The virtues and duties we have mentioned above - honesty, good faith, care and responsibility, solidarity, trust, wisdom, attention, equality, tolerance, inclusion and respect - all originate in specific forms of collaboration.

Collaborative Ethics begins from the proposition that you must adhere to the ethics which is indigenous to the project in which you are participating, or cease participating. I have already described the demands of these various relations above.

As I demonstrated above, each mode of collaboration fosters certain virtues (Negotiation fosters honesty and good faith, for example) even while presuming self-interest, and each mode of collaboration specifies certain procedures which are obligatory for participants (Majority fosters solidarity and tolerance and demands adherence to meeting procedure, for example). All projects demand ethical dispositions from participants (Counsel demands modesty and deference to the Chief among the participants, while phronesis and the virtues of leadership in the Chief, for example). Each mode of collaboration is thus a combination of a virtue ethics, a procedural ethics and a deontology, but specific to the given mode of collaboration.

Any attempt to specify an ethics which takes no account of the collaborative relationship in which subject and other are engaged must be abstract and empty.

In any actual project there will be mores which constitute a kind of idioculture, specific to the object-concept of the project. Awareness of and respect for this idioculture is obligatory on participants. For example, participation in a political party may forbid disclosure of internal information. General rules cannot encompass the infinite variety of such obligations.

In short, the Ethics of Collaboration is the imperative to learn how to collaborate in the concrete circumstances in which you find yourself.

Centuries before the maxim “charity begins at home” was coined, the Prophet Isaiah (58:7) had already said much the same thing. How do we ethically justify that we make great sacrifices for those who are socially close to us but feel no obligation to treat a beggar in India with the same largesse? If we ask what project mediates each relationship we find that those close to us are by definition those with whom we have a close relationship, such as the project of raising our family, or the project of elaborating Activity Theory, for example. But the only project mediating my relation to an Indian beggar is the foreign policy and aid program of the Australian government. As a voter and citizen in Australia, I bear moral responsibility for that policy and my obligation to that beggar flows from my participation in formulating Australian foreign policy (albeit marginal). My duty to the Indian beggar is answered by my duty to promote a more generous foreign aid program, and other measures which moderate global inequality, as a citizen of the Australian national project, in addition to the universal duties flowing from liberalism, expressed by Kant as the duty to treat others as ends in themselves. Neither ethic prevent me from jumping on a plane and flying over and giving the beggar something to eat, but I cannot say that I have an obligation to do that. Indeed, my children would rightly complain that I was neglecting my fatherly duty in doing so (if I had children).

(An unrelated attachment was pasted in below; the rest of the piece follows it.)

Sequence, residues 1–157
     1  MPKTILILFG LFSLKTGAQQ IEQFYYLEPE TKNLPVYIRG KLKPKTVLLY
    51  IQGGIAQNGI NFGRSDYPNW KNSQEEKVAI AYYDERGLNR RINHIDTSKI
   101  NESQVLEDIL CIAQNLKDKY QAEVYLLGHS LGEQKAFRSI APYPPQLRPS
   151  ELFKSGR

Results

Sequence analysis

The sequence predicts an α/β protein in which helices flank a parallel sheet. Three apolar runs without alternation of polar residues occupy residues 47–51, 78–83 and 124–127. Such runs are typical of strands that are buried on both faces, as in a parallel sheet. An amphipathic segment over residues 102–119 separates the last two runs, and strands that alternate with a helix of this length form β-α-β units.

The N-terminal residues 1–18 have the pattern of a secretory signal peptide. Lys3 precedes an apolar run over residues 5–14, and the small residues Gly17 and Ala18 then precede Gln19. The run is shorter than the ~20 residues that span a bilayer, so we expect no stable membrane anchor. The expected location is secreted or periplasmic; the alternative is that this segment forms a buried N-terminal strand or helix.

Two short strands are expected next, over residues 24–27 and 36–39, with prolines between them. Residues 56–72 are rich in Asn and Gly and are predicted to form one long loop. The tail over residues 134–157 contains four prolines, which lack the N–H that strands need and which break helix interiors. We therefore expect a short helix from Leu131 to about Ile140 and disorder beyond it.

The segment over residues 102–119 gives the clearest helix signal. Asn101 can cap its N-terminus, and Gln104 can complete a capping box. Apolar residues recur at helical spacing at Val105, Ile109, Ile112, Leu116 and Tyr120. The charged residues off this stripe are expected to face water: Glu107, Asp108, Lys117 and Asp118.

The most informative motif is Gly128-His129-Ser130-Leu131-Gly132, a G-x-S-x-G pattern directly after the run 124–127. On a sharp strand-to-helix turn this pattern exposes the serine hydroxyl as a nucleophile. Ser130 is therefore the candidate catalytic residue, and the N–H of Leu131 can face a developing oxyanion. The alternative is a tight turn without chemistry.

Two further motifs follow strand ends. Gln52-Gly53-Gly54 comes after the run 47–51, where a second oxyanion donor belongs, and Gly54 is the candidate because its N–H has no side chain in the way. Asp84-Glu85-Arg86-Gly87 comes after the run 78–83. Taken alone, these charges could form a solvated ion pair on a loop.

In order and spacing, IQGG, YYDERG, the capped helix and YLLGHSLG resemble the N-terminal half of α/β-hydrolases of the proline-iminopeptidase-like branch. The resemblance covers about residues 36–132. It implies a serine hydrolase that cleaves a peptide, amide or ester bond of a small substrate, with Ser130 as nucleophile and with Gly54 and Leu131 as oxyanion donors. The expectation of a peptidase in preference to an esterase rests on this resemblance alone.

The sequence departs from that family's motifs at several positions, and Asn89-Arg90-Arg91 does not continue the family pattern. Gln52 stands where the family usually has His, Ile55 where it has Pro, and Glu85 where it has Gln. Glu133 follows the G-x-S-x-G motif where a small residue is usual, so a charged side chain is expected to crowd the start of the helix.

If I work at a university, I know that the university operates by a complex mix of collegial committees deciding policy and a line management system operating from the Vice-Chancellor down. I know I am the moral equal of the V-C but also that if the V-C instructs me to do something, directly or via the management tree, other things being equal, I should comply. As a union delegate of course I may choose to transgress that obligation, but it remains a transgression and will be judged by history as such. On the other hand, if I am a member of one of those collegial committees, where the Vice-Chancellor sits with academics, admin. staff, deans and such like, I know that these committees use formal meeting procedures as developed by Majority decision making (though always striving to reach consensus). In that forum my only obligation is to adhere to meeting procedure with tolerance and solidarity. The Vice-Chancellor cannot tell me what to say and do and would not try.

And so on and so forth. One’s ethical duties and responsibilities in all cases flow from the norms of the relevant project. That is Collaborative Ethics.